Yeah fair enough, that is a particularly good point on ignoring the RV marks and just adjusting until it works how you want it to, I hadn't thought about it like that but it makes perfect sense. Frankly I have no sense of how many people get hurt in low speed turns in the bc vs big falls - certainly all of my relatively infrequent bc falls are of the low speed type (just recently I went over a little hollow pocket below a big rock and somersaulted forward) but my climbing/bouldering years have taught me how to fall well, or else I've just gotten lucky so far.

    I certainly see a big difference between say, having the adjustable tech binding RV at 8/8 and a fixed tech binding at a much higher value (say 12/12)... but for me personally, I'd set my stuff at 8/8 anyway so using bindings that are "about" 8/8 or 9/9 or whatever doesn't feel hugely less safe; it's close enough that I figure I can just dial it back a little bit. I also have not (yet) broken a bone skiing, and I am a big weight weenie, both of which affect my judgment here I am sure.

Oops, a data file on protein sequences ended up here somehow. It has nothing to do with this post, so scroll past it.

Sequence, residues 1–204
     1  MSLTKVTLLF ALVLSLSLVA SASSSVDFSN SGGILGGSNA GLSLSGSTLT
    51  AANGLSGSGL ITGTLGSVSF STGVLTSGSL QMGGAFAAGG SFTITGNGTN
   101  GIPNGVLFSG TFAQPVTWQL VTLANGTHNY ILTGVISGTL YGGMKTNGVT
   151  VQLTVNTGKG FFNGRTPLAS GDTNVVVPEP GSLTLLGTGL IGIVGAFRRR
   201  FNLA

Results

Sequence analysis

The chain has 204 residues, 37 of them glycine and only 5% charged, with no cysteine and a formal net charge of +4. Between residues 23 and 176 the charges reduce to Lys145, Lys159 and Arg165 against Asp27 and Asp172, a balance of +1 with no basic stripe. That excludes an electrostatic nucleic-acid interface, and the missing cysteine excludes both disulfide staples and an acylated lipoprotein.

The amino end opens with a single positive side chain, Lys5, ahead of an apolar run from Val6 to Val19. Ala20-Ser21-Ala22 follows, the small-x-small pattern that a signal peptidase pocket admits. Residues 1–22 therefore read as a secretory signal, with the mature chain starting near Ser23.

Always curious to hear your point of view though, it does give me pause to think. I think it was you who was posting about the "nitrile gloves under your regular gloves" trick, which has completely solved my cold hands problem.
    yeah I suppose you can ADJUST THE SKIING TO THE BINDING which is the opposite of ADJUST THE BINDING THE SKIING but whatever you choose including going slower there are always unforeseen things, BTW I have skied bindings with fixed release ... its called Tele



    weight wise the way I see it an adjustable tech binding with brakes is fully half the weight of any frame binding I own so I am already most of the way to weight weenie nirvana and I am willing to pay for the most safety i can get with a little more weight ... a couple hundred grams for something I know works